Alex Kazerani, A95, is an inventive entrepreneur with a track record of successful ventures. So it’s no surprise that he wanted to do more than fund a scholarship in the traditional way. Instead, he has created a whole new route for alumni to support Tufts students.

With a $300,000 donation, Kazerani and his wife, Moujan, an attorney, have established a pay-it-forward scholarship fund that will not only help the neediest students, but encourage recipients to give back to the fund. While the main goal is to help students through college now, Kazerani hopes that in the long run, the fund will continue to grow and help even more students through contributions from those who benefit from it.

“We want to create a model where we can help students today, when they need it the most, and encourage them to give back when they are able, growing the fund and allowing more qualified students to take advantage of a great education at Tufts,” he says.

The Kazerani Pay-It-Forward Scholarship Fund will ask recipients to contribute what they can, when they can. “I love the honor system,” Kazerani says. “I like the respect, trust, and responsibility that come with it.”

Like all financial aid at Tufts, the Kazerani scholarship is based on need. He is hoping to help the neediest students, such as those from single-parent households or those who are homeless or wards of the state. He’s also interested in assisting students who are active in volunteerism.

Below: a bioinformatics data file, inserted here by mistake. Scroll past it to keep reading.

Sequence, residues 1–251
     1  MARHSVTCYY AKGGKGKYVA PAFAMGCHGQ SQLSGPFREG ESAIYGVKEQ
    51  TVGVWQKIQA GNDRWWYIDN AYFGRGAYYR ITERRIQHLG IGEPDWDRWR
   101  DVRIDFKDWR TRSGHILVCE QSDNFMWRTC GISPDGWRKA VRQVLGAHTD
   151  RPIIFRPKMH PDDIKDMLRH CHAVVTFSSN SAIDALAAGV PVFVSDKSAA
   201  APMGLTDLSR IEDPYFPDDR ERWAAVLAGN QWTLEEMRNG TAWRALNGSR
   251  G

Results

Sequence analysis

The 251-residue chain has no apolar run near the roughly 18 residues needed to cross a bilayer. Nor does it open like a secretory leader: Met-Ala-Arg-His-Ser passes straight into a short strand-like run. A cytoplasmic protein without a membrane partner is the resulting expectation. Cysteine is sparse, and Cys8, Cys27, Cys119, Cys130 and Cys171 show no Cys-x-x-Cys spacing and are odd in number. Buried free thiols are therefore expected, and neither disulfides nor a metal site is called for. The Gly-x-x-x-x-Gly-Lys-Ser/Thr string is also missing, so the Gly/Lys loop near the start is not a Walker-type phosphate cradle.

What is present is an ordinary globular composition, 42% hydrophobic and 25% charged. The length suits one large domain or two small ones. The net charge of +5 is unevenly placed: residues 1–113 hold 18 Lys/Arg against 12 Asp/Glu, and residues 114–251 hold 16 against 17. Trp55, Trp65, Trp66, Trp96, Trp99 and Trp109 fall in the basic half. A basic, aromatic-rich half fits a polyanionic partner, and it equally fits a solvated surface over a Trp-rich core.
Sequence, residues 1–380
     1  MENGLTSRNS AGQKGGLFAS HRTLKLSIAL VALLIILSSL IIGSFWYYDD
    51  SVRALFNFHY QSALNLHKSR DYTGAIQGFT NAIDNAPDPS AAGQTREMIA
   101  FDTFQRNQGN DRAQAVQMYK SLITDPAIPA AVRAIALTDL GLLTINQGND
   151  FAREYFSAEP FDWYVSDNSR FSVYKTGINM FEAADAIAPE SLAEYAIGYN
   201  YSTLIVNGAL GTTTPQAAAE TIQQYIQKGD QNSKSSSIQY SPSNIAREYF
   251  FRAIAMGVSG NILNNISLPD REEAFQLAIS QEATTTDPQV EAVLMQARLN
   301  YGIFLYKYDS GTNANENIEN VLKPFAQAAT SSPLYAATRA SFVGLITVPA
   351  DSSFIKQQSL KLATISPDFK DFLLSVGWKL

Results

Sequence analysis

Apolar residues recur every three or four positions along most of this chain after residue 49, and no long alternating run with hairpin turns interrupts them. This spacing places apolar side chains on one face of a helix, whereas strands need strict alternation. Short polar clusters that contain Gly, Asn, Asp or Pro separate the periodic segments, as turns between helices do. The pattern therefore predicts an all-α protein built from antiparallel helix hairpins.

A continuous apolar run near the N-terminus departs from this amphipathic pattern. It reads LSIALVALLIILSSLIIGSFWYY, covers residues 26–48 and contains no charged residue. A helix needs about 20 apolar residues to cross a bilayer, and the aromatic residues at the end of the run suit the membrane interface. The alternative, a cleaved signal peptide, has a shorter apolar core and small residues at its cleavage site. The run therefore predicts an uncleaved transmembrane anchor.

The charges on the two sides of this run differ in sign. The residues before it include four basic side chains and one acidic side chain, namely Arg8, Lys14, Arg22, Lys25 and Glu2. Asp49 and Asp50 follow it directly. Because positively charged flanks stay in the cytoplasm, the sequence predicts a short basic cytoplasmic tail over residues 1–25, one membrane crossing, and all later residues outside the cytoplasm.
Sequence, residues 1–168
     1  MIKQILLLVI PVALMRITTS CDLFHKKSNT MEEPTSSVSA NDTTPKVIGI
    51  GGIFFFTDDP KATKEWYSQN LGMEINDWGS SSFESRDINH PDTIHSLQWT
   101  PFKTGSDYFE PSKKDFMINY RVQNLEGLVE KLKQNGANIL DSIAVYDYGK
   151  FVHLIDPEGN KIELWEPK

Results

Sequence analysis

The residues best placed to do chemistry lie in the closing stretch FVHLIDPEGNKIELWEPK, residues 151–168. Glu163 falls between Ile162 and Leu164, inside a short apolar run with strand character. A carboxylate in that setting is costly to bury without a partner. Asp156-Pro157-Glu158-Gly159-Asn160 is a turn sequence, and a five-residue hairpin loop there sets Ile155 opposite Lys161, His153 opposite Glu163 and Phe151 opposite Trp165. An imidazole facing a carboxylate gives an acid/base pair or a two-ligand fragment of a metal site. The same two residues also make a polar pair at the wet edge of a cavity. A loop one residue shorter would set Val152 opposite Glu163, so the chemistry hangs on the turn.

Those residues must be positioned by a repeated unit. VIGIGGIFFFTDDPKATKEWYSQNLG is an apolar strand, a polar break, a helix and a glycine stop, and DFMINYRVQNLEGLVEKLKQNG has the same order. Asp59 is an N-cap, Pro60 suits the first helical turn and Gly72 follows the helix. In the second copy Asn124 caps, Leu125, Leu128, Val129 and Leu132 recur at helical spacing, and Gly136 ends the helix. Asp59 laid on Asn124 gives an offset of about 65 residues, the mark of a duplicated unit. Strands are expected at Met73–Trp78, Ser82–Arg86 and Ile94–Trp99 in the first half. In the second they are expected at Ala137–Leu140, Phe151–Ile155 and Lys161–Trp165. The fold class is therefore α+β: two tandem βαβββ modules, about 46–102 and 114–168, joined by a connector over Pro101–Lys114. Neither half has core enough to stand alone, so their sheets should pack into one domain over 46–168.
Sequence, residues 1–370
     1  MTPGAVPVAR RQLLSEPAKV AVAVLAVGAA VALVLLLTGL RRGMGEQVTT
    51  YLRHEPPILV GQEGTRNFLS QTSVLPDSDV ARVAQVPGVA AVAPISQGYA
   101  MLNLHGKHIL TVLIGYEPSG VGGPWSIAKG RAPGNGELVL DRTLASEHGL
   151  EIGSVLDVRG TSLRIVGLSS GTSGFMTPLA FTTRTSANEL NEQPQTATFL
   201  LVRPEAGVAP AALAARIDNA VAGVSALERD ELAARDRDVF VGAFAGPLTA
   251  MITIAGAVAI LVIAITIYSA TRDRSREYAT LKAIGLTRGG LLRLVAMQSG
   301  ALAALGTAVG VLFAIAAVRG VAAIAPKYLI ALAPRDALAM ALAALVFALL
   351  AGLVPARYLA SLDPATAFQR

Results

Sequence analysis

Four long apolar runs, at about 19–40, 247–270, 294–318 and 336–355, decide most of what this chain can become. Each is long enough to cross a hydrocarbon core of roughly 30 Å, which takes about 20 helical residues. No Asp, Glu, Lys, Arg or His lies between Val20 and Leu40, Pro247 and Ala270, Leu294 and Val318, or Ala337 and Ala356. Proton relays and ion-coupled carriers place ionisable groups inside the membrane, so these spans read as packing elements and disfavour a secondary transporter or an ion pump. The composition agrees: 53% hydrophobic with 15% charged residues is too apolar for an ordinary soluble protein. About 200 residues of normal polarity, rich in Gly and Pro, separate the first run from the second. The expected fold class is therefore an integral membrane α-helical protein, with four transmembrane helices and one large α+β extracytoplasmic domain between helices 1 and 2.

Kazerani knows what it’s like to get a helping hand when you need it most. Born in Iran and raised in France and the United States, he saw times when his family was wealthy, and times when they had little. At one point, his parents had a serious talk with him about whether they could afford to keep him at Tufts. Determined to stay, he took on two jobs, including delivering pizza.

After graduation, as he struggled to get his first business off the ground, he rejoiced when his sister, who needed a ride to the airport, handed him $20 for gas. “Guys, we can eat tonight!” he announced to his roommates, knowing that if they limited themselves to half a burger each, they would be able to eat for a few days. Later, his parents were able to lend him $6,000 for his startup. “That made a world of difference,” he says.

Kazerani went on to found, run, and sell a handful of technology businesses. The most recent, EdgeCast Networks, a leading content delivery network, was sold to Verizon in 2013.

He and his wife have used some of the proceeds to contribute to several charities, but Tufts—“among the best years of my life,” Kazerani says—has a special place in his heart. He made lasting friendships at the International House and through his fraternity. His friend Phil Goldsmith, A95 (one of those burger-sharing roommates), would go on to be a business partner in all his corporate ventures, and Jumbo classmate Jeff Stibel, A95, was on the EdgeCast board of directors.

If the scholarship program is successful, Kazerani hopes it will be a step toward addressing the issue of college affordability.

“If it works, it might be the best financial aid structure for students ever,” he says, sounding every bit the visionary. “Let’s shoot for the moon and see how far we get.”

Julie Flaherty

Julie Flaherty, senior writer and editor at Tufts and editor of Tufts Nutrition, can be reached at